Inclusion Class



Inclusionclasses for special needs students are extremely useful andappropriate for both the normal students and the students withspecial needs. It is essential to note that inclusion classes aresituations whereby students with disabilities learn together withother normal leaners in the same classroom. Since the inception ofinclusion classes, there has never been a single negative outcomethat is associated with such classes (Ashby &amp SyracuseUniversity, 2013). It is therefore evident that the inclusion classesare something that should be encouraged in all schools across theworld. There are numerous benefits associated with inclusion classesand I therefore support and agree with the idea of inclusion classes.

Researchhas indicated that inclusion classes are beneficial to both thenormal students and the disabled students. By having normal anddisabled learners study in the same class, the teacher manages tosignificantly reduce stigmatization that is associated with variousforms of disability such as physical disability. The disabledstudents are able to feel welcome and relaxed, as well as feel asbeing part of the student fraternity. In situations where suchdisabled students might be separated and or excluded from the classdue to their conditions, feelings of rejection and non-appreciationwould be imminent (Willis &amp ASCD, 2014). More often than not, thedisabled students do not have any cognitive disability and theirlearning curve is similar to that of the normal students. In thisregard, it is evident that the disabled students, as well as thenormal students will benefit through sharing knowledge and skills.Every student, whether disabled or normal will have an opportunity tolearn from the other (Ashby &amp Syracuse University, 2013). This isan extremely important and essential setting since students learnmore from each other than they learn from the teachers.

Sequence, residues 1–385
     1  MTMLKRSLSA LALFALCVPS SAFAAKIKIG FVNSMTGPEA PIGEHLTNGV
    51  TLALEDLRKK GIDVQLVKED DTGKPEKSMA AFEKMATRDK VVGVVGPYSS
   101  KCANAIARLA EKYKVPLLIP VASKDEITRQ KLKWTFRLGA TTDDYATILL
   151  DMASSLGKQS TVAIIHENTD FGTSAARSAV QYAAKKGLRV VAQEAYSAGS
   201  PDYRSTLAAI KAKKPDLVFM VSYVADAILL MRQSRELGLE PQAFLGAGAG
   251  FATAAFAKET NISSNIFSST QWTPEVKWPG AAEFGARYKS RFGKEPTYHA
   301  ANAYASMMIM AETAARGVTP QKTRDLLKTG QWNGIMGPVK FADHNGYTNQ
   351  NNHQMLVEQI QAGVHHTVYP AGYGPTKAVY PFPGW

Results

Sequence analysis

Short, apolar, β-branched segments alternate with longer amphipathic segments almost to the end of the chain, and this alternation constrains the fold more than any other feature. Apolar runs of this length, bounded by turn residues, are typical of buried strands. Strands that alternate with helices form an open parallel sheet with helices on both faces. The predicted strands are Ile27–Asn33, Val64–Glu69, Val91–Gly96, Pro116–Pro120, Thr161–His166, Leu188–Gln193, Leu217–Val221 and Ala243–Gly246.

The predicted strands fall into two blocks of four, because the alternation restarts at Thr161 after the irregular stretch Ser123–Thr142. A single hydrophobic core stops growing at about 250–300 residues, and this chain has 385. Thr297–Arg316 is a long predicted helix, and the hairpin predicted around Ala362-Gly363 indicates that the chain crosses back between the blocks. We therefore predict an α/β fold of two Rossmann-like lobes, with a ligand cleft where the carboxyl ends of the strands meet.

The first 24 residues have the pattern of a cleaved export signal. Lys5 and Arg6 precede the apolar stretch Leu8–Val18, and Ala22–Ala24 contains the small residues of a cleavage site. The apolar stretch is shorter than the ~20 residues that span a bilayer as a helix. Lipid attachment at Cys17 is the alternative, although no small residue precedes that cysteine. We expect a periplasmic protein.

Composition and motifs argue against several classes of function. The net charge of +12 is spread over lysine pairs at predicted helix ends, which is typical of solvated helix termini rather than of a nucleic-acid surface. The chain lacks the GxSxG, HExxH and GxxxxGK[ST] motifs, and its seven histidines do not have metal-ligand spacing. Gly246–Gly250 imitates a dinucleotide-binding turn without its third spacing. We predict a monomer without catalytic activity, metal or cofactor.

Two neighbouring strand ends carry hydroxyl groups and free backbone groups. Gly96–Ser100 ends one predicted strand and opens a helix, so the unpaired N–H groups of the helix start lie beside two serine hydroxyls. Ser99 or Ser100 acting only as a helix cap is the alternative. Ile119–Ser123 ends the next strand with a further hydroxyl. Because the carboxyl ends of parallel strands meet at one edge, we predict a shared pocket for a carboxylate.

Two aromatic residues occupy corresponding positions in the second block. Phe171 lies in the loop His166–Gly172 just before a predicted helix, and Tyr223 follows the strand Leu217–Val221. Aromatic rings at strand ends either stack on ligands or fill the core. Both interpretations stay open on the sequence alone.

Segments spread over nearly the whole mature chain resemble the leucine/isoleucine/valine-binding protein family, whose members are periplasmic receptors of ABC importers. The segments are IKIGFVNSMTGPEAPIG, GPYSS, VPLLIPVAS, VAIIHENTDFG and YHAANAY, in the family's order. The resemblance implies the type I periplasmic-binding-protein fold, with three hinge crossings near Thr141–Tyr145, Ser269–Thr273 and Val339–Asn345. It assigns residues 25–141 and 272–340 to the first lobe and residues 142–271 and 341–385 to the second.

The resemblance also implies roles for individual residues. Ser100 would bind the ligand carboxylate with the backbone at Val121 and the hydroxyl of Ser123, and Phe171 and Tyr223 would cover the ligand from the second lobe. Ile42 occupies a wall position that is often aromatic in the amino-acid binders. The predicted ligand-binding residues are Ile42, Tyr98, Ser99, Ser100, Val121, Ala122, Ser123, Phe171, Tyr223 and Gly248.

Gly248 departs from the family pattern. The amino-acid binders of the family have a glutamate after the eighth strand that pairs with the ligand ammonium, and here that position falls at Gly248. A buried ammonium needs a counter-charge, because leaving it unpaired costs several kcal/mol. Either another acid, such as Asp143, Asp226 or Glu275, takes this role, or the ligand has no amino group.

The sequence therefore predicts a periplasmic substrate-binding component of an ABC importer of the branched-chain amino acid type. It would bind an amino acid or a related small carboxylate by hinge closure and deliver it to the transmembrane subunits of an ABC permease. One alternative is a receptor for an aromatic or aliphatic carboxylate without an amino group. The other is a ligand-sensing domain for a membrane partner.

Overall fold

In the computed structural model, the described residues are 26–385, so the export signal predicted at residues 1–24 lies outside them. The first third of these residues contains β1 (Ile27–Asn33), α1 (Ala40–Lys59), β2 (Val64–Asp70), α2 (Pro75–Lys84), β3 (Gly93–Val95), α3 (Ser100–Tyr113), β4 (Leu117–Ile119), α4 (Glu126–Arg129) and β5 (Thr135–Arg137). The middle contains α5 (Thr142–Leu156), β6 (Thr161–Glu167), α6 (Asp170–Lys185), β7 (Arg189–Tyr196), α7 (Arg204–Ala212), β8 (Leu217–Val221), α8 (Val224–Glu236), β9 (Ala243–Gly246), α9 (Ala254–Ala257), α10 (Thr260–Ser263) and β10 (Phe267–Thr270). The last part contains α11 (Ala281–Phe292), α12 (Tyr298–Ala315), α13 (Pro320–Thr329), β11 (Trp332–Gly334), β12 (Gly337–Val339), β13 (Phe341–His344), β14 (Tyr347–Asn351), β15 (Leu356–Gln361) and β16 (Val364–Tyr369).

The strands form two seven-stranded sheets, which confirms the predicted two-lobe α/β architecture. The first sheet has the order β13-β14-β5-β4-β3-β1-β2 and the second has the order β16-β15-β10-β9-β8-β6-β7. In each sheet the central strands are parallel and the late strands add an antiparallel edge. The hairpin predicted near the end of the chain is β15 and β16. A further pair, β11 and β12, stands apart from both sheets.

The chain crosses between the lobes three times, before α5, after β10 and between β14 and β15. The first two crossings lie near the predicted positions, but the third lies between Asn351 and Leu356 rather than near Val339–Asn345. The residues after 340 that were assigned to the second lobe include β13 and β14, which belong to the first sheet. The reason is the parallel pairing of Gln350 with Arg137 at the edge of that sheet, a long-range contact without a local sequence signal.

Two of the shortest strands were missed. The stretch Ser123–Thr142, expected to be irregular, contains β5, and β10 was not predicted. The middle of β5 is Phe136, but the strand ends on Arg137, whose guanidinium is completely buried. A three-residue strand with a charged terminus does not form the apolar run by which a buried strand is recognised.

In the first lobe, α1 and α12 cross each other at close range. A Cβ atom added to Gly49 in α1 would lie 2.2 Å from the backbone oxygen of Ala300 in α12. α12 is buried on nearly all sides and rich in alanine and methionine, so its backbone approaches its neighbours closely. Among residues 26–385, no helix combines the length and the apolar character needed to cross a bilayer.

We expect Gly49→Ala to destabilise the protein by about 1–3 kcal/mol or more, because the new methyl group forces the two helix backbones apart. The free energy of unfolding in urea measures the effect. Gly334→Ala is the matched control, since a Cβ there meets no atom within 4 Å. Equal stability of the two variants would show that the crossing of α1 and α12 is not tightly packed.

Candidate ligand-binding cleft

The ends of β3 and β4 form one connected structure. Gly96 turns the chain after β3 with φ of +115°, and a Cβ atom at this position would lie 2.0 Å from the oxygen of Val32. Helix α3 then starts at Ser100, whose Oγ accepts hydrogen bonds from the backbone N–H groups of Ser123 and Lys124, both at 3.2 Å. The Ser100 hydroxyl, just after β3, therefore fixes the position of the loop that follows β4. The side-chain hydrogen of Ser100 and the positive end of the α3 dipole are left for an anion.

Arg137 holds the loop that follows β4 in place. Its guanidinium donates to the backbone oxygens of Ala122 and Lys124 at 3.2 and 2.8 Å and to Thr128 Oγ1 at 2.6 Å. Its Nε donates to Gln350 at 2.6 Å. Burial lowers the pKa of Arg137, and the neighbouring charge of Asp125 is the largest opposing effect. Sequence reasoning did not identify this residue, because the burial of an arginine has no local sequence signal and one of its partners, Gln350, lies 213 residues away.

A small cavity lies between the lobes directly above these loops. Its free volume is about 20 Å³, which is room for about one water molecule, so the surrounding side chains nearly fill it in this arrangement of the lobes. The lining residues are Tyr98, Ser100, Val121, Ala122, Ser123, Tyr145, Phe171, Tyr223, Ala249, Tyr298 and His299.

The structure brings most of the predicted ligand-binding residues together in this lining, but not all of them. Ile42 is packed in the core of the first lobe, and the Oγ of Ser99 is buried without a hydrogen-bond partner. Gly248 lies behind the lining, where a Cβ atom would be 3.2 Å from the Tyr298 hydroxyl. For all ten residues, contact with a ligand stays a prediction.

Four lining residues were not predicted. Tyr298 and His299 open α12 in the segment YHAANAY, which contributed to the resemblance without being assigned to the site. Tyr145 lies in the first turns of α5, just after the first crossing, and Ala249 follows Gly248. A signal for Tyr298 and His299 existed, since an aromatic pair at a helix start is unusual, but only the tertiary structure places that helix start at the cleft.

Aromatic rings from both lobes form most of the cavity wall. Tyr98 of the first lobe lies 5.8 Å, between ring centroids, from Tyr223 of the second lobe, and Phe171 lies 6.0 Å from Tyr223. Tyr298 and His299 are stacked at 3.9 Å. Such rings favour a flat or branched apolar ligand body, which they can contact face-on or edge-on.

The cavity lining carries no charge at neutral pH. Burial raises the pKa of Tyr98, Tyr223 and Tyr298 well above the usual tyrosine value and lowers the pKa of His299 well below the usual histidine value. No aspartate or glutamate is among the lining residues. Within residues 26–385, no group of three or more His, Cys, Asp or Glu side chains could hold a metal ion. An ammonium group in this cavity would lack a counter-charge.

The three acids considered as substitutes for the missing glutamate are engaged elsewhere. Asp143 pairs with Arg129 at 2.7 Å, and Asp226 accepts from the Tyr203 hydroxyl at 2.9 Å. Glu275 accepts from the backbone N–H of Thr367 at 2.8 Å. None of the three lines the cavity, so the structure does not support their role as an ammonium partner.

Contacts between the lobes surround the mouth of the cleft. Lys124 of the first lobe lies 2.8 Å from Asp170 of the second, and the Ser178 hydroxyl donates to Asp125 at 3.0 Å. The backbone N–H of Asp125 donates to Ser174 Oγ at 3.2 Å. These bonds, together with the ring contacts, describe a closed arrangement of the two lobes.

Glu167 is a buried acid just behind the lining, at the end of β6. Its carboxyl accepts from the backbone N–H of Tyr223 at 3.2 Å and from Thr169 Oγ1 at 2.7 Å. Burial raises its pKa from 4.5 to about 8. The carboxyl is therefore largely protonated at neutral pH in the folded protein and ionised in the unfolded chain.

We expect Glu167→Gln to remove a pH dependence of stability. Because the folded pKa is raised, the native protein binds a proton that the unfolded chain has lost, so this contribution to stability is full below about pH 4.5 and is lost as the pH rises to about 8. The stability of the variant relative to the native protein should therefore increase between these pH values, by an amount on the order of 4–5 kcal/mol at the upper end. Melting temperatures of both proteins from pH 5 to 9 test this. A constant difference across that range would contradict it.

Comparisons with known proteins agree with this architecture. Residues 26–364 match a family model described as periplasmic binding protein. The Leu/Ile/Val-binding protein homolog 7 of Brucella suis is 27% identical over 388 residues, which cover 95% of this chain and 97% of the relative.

Thereis enormous evidence which suggest that disabled students reducetheir aggressive behaviors, absence behavior and improve theiracademic performance when they are put in inclusion classes. The mainpurpose of sending a learner to school is to acquire education.Therefore, it is extremely essential to have inclusion classes toensure that learners are not missing school and that they acquiregood grades in school. This can be associated with the abovediscussed point which suggests that students learn from each other.It is also prudent that disabled children do not miss school due tostigmatization and exclusion (Willis &amp ASCD, 2014). This greatlyenhances their performance at school, as well as their future livesin the society. When disabled children are showed love and care fromthe normal students, they tend to suppress their aggressivebehaviors. This is vital for their learning and interaction withother students.

Itis also clear that inclusion classes enhance relationships betweenstudents. In an inclusion class, it is imminent to find a normallearner having a good relationship with a disabled learner. This iscritical in that it helps the students to prepare for the outsidesociety where they will have to interact with all sorts of people(Willis &amp ASCD, 2014). Inclusion classes are also a way ofensuring that students learn how to appreciate and value otherpeople. In other words, students are able to appreciate diversity.

Lastly,inclusion classes ensure that there are opportunities for all peoplein society. For instance, the disabled people are allowed to learn atthe same pace with the normal students and therefore find good jobslater in life (Ashby &amp Syracuse University, 2013). Subsequently,this leads to respect for all the members of the society. Inclusionclasses should be legalized in all schools across the world to offerequal learning opportunities for all people and reducediscrimination.


Willis,J., &amp Association for Supervision and Curriculum Development.(2014). Brain-friendly strategies for the inclusion classroom: Insights from a neurologistand classroom teacher.Alexandria, VA: Association for Supervision and CurriculumDevelopment.

Ashby,C. E., &amp Syracuse University. (2013). &quotCastinto a cold pool&quot: Inclusion and access in middle school forstudents with labels of mental retardation and autism.New York: Syracuse University press.